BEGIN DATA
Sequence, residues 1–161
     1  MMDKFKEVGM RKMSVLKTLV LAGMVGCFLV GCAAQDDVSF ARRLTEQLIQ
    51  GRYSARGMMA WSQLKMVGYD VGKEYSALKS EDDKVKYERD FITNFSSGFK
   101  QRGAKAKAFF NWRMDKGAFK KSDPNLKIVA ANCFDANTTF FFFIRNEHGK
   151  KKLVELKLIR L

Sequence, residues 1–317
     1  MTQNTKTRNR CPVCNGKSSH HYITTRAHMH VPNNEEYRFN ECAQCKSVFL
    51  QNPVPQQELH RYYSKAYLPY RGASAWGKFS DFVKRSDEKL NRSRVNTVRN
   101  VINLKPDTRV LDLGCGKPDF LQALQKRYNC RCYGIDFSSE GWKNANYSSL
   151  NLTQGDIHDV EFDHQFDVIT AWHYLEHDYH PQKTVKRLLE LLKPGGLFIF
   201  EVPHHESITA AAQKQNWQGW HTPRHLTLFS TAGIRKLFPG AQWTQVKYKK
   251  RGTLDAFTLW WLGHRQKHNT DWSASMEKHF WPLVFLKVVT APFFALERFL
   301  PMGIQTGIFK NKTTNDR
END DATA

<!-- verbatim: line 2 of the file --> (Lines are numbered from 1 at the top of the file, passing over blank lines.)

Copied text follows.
     1  MMDKFKEVGM RKMSVLKTLV LAGMVGCFLV GCAAQDDVSF ARRLTEQLIQ